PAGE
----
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Seoul to solidify coordination with Washington to end Pyongyang’s nukes

Seoul to solidify coordination with Washington to end Pyongyang’s nukes

Posted March. 15, 2018 08:14,   

Updated March. 15, 2018 08:14


An official at the South Korean president office Cheong Wa Dae projected Wednesday that the resolution of the North Korean nuclear issue could be achieved in a way that severing a bigger chain automatically addresses other smaller issues. The remark was made in a response to a question on Cheong Wa Dae’s position on various ideas coming from inside and outside of the government, including discussing at the upcoming inter-Korean summit ways to declare an official end to the Korean War and signing a peace treaty, or linking the denuclearization process to easing sanctions on the North. Comparing the North Korea nuclear issue to the “Gordian Knot,” or an extremely intricate problem, the official indicated that Seoul would take a bold approach of cutting the knot at one stroke, rather than untangling it little by little.

A bold and creative approach is necessary in order to resolve such a long conundrum of the North Korean nuclear issue. As the supreme leaders of the two countries meet, any agenda can be put on the summit table, and it is possible to reach a comprehensive agreement. Such an idea was discussed and sought for in the past as well. The 2007 inter-Korean summit agreement also included the issue of leaders of the two Koreas, the United States and possibly China getting together to declare an official end to the Korean War. The 2000 North Korea-U.S. joint communique also mentioned various ways to put an official end to the war. However, all the ideas went nowhere due to the North’s failure to keep its denuclearization promise, which was the precondition for everything else.

Through the inter-Korean summit in April and the North Korea-U.S. summit in May, Seoul seems to be seeking to reach a grand agreement that would simultaneously accomplish the completion of Pyongyang’s denuclearization, the proposed peace treaty, and the diplomatic normalization between the U.S. and North Korea. It is also in line with China’s call for the simultaneous pursuit of denuclearization and peace talks with North Korea. However, Seoul should also look back on the past, in which all the agreements broke down during the process of verifying Pyongyang’s implementation of its denuclearization. Just as “carrots” to motivate the North’s complete denuclearization is important, there needs to be “sticks” with which to press the North to keep its promise. Still, there are questions as to whether Seoul is preparing such measures.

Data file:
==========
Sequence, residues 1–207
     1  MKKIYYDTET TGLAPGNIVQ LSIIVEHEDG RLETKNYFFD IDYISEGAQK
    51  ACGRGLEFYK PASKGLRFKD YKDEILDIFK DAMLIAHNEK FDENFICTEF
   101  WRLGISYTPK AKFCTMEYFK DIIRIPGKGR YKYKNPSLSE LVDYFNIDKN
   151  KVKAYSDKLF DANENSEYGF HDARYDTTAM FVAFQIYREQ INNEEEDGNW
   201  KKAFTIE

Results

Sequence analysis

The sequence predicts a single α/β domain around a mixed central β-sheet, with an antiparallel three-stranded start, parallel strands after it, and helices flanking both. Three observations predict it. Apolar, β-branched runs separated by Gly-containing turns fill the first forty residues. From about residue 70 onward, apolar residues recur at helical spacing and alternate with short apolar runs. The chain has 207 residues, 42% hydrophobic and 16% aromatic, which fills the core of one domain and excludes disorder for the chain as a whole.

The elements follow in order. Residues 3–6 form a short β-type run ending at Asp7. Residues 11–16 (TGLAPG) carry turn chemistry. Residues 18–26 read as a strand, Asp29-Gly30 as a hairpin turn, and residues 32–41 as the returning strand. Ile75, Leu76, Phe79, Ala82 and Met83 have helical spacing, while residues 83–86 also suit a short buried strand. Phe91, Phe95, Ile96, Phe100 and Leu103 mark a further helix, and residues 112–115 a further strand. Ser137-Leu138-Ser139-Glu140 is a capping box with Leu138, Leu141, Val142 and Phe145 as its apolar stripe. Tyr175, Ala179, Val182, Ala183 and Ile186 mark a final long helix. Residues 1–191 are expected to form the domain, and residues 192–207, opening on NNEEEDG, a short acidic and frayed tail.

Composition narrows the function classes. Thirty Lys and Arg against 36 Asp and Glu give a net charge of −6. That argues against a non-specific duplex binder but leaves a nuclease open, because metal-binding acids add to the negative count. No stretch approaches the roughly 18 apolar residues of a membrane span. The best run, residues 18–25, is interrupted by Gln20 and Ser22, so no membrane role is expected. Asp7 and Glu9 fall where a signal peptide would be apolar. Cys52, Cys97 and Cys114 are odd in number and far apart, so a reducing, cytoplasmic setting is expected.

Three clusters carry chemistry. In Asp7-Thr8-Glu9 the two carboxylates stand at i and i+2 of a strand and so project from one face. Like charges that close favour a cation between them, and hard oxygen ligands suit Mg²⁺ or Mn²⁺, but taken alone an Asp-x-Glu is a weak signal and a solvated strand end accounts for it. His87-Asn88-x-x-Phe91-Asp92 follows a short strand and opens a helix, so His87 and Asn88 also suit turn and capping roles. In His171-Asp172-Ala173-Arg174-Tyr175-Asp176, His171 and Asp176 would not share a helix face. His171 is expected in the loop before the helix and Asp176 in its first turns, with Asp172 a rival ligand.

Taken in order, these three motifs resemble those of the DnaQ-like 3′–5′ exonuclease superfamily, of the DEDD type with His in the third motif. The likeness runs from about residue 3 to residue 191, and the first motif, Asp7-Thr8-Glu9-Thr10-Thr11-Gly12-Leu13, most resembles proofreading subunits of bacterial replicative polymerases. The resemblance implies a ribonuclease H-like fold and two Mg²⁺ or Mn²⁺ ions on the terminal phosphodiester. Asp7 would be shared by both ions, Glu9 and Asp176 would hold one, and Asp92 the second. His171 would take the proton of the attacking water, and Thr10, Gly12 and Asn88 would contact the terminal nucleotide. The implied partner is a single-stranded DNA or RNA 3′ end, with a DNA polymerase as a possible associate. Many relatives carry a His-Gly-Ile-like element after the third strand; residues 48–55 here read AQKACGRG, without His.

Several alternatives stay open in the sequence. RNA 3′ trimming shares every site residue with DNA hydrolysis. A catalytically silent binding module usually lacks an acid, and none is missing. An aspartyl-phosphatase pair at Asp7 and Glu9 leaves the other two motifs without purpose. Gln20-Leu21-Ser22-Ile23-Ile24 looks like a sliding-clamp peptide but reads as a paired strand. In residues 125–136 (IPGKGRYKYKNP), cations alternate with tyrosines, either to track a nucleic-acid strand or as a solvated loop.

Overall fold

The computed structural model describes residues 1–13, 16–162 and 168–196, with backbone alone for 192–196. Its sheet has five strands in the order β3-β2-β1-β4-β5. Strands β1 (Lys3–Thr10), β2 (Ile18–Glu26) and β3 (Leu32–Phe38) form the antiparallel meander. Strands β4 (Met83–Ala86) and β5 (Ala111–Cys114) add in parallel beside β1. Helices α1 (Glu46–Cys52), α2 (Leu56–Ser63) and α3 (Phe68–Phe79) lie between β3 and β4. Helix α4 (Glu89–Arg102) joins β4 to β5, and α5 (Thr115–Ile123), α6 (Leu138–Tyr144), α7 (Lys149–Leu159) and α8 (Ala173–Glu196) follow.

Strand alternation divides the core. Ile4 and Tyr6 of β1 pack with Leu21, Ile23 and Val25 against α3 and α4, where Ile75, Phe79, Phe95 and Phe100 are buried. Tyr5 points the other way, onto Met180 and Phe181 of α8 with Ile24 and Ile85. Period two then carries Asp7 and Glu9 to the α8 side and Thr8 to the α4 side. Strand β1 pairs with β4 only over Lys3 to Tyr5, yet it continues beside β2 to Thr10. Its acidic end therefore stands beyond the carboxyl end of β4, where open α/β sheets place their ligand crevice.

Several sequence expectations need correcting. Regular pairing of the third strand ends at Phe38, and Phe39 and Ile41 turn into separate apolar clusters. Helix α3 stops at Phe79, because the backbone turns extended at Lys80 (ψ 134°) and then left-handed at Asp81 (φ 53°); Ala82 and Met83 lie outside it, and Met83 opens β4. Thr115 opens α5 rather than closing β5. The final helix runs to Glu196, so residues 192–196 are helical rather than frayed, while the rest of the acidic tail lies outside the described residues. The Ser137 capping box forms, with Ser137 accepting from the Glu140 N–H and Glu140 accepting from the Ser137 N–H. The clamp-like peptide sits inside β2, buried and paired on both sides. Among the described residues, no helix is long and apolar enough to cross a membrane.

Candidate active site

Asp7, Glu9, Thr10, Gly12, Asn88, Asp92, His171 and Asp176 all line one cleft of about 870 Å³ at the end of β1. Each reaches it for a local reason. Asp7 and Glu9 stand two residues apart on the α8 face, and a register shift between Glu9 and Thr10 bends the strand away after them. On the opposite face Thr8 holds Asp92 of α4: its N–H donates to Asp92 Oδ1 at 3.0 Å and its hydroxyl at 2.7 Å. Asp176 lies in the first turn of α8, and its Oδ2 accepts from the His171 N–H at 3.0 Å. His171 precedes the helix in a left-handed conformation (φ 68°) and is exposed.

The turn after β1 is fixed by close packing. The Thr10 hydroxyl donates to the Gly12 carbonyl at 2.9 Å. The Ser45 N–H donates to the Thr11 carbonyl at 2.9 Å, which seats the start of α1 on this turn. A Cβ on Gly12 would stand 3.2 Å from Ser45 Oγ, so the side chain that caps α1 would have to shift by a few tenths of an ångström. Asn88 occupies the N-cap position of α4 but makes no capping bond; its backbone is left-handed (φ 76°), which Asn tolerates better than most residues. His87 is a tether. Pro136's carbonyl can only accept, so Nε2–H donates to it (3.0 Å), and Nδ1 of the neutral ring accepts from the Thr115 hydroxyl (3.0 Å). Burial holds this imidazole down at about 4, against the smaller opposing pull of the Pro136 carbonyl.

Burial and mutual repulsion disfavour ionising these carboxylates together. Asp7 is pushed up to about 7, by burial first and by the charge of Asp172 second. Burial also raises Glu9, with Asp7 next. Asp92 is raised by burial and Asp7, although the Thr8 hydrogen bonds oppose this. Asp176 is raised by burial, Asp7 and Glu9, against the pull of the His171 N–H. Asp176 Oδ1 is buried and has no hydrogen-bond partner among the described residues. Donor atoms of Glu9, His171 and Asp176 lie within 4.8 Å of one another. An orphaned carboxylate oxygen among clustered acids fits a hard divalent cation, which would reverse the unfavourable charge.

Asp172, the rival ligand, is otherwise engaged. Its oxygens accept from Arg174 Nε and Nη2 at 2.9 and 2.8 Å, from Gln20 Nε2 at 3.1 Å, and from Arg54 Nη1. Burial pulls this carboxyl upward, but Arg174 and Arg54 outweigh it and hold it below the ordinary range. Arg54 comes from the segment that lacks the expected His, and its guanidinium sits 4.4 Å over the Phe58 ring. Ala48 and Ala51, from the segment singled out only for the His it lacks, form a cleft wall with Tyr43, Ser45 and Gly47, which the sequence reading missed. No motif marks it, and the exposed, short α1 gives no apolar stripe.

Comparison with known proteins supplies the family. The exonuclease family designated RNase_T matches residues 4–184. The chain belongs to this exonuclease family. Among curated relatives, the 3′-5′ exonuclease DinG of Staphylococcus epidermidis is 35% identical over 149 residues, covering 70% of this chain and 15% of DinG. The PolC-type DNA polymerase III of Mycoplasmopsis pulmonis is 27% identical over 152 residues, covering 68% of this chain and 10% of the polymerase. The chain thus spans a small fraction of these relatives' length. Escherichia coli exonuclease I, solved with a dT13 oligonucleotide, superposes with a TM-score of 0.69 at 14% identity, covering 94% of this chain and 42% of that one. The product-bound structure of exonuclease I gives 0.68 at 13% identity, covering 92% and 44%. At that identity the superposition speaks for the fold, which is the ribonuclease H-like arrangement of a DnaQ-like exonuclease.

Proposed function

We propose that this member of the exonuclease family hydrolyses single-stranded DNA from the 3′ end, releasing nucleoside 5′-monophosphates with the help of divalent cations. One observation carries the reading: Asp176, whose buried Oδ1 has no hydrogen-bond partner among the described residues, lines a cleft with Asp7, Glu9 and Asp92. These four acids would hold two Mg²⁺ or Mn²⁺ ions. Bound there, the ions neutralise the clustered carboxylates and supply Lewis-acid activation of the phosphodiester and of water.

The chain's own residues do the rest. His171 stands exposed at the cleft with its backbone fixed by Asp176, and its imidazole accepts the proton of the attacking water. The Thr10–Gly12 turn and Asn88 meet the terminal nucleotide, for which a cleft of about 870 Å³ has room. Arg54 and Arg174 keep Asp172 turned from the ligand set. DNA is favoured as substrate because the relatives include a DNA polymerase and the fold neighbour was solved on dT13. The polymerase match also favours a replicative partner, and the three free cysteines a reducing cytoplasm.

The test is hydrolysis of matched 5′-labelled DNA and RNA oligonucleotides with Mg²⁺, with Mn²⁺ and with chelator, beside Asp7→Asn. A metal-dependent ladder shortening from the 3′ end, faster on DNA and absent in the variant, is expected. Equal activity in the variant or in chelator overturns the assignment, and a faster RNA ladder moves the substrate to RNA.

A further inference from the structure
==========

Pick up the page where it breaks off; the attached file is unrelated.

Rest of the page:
The United States is already indicating tough negotiations with the North. U.S. President Donald Trump fired his Secretary of State Rex Tillerson on Tuesday and named CIA Director Mike Pompeo as the new state secretary. Pompeo, who played a leading role behind the decision to hold North Korea-U.S. summit, is hawkish on North Korea who once indicated ousting the Kim Jong Un regime. Putting such a hardline figure at the front, President Trump expected “very positive” results to come out at the upcoming summit with Kim Jong Un, sending a clear message that he would seek satisfactory results while maintaining his maximum pressures on Pyongyang.

No matter what type of agreement is reached between the two Koreas, they would go down the drain without U.S. consent. North Korea would get away from such an agreement, leaving all the burdens on the South’s shoulders. The priority of the upcoming inter-Korean summit should be placed on reaffirming Pyongyang’s commitment to its denuclearization and getting its implementation promise. Only then can an irreversible agreement be reached at the North Korea-U.S. summit. This is why close policy coordination between Seoul and Washington is more important than ever.